This June marks the 50-year anniversary of the Stonewall Uprising in Greenwich Village. In honor of the watershed moment, New York City officials announced Wednesday that the city will pay tribute to transgender activists Marsha P. Johnson and Sylvia Rivera with a monument. The statue — one of few dedicated to transgender leaders — will reside down the street from Stonewall Inn at Ruth Wittenberg Triangle.
Johnson and Rivera played pivotal roles in Stonewall Riots and were central figures in the gay rights movement. After the Stonewall Uprising, Johnson and Rivera joined the Gay Liberation Front and later founded the Street Transvestite Action Revolutionaries (STAR) in 1970. Beyond their lifelong activism, the duo, who both self-identified as drag queens, were known as close friends and staples of Greenwich Village.
The proposed sculptures’ inclusion near Stonewall serves to address criticism that the current monument honoring the riots (erected in 1992 by George Segal in Christopher Park) fails to acknowledge the role that transgender women played in the landmark protests and the advocacy that followed.
“The L.G.B.T.Q. movement was portrayed very much as a white, gay male movement,” the city’s First Lady Chirlane McCray said in a recent interview with the New York Times. “This monument counters that trend of whitewashing the history.”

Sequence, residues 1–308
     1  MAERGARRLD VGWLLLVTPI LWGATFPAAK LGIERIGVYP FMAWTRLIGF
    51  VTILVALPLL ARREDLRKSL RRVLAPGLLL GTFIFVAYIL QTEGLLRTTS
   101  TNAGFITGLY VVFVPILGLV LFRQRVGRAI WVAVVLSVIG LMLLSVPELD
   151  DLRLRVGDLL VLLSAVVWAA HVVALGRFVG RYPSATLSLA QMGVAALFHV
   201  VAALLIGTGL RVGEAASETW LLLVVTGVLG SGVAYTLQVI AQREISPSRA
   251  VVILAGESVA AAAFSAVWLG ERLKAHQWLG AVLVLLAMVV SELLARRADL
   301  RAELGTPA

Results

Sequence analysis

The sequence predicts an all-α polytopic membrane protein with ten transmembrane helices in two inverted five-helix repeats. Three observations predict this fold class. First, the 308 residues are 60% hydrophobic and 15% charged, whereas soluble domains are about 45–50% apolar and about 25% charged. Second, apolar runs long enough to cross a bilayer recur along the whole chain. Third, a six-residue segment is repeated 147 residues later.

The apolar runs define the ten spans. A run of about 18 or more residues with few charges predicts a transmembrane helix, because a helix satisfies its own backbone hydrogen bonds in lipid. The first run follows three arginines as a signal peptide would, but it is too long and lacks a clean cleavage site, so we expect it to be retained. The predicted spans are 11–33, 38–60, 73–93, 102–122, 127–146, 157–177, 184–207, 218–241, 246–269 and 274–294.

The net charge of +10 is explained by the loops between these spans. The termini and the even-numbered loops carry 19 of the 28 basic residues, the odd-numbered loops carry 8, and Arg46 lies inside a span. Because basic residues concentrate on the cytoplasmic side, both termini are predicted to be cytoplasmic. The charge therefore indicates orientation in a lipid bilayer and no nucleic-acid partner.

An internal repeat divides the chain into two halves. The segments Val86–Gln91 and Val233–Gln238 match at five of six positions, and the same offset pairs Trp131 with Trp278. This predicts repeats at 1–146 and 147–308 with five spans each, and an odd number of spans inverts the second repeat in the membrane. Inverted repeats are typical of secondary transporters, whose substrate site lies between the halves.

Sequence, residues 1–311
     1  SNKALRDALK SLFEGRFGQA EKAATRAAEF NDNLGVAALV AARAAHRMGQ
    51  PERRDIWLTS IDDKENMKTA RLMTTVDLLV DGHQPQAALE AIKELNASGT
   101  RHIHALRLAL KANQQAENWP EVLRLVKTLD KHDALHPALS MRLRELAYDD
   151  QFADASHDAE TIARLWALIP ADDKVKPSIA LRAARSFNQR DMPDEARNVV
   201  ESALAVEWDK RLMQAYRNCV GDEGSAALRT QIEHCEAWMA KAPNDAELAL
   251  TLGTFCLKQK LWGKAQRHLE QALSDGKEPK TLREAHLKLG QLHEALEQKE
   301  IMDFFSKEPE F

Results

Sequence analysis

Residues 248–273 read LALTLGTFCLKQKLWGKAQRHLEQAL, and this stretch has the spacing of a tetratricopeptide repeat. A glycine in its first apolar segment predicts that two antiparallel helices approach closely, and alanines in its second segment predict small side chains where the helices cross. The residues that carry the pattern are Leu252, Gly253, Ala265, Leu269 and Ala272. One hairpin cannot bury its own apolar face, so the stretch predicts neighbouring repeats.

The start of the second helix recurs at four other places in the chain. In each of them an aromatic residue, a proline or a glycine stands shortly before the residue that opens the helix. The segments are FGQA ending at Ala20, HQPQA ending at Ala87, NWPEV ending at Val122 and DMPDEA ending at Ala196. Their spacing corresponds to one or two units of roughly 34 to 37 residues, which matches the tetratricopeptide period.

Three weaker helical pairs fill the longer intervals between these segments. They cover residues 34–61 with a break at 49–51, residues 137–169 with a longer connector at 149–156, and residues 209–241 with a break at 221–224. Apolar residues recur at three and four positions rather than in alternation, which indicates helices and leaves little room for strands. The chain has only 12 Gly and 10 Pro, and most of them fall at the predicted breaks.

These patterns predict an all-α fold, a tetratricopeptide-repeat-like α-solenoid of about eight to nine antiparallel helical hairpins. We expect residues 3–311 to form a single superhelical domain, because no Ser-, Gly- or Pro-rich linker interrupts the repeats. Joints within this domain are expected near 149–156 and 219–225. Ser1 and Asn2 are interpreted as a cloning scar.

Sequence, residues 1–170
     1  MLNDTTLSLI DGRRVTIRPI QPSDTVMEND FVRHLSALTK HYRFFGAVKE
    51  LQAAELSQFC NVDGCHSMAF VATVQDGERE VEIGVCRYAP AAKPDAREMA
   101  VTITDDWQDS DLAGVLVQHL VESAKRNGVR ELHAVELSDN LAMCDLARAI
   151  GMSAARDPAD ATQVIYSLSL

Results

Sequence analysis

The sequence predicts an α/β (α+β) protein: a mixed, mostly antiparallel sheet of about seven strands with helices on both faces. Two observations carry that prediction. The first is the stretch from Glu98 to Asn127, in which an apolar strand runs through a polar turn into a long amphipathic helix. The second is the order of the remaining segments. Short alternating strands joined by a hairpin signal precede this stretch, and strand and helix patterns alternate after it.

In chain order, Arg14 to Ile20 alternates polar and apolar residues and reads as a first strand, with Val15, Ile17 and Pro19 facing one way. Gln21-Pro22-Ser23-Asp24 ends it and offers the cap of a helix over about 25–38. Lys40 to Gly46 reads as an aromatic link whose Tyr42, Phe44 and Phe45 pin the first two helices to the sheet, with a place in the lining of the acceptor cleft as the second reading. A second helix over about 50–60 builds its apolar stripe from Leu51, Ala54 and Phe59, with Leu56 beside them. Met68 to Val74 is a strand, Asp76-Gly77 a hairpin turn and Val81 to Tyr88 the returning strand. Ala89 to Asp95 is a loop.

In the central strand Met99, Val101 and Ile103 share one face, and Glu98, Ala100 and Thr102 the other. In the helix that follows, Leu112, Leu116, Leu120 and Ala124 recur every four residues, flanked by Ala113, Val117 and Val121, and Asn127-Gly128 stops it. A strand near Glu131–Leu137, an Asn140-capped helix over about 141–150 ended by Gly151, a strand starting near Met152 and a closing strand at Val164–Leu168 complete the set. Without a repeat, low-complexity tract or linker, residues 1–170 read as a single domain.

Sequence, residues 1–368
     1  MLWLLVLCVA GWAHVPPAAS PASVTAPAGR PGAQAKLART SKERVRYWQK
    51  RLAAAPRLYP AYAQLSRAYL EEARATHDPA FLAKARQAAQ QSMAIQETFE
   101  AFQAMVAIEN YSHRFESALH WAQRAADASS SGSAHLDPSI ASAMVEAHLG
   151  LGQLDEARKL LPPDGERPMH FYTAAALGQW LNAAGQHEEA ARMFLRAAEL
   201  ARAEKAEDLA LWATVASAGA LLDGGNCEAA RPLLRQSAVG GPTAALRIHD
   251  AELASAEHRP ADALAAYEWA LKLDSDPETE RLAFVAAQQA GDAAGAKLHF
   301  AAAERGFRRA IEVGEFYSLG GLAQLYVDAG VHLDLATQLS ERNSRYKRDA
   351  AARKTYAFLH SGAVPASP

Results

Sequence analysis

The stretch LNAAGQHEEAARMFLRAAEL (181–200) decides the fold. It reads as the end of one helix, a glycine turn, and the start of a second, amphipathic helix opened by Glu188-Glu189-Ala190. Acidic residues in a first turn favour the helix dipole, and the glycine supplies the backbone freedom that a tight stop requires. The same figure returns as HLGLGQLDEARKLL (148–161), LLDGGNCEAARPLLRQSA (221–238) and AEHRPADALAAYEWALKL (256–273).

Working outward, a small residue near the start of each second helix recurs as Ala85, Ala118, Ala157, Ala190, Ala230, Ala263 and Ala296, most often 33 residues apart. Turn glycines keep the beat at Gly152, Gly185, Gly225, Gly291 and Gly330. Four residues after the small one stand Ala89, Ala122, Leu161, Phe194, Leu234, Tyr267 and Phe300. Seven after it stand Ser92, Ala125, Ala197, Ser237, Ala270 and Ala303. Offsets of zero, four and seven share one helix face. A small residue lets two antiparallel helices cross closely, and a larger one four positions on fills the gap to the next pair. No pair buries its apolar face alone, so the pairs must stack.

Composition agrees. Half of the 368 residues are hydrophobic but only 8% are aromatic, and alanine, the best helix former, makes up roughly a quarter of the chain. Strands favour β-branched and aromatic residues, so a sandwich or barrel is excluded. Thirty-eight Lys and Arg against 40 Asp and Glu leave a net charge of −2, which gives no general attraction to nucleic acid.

Conceived as part of She Built NYC, the new statues are to be included in the city’s bid to diversify gender representation in its public art monuments, which heavily skew male (less than 1% currently depict women). Johnson and Rivera’s monuments will join works dedicated to Shirley Chisholm, Billie Holiday, Elizabeth Jennings Graham, Dr. Helen Rodriguez Trías and Katherine Walker. The finalized sculptures will be placed throughout the boroughs.
As reported by the New York Times, the search for the artist who will bring the statues to life will begin shortly, with city officials aiming for completion by 2021.
Top Image: Marsha P. Johnson, Joseph Ratanski and Sylvia Rivera. Drawing by Gary LeGault.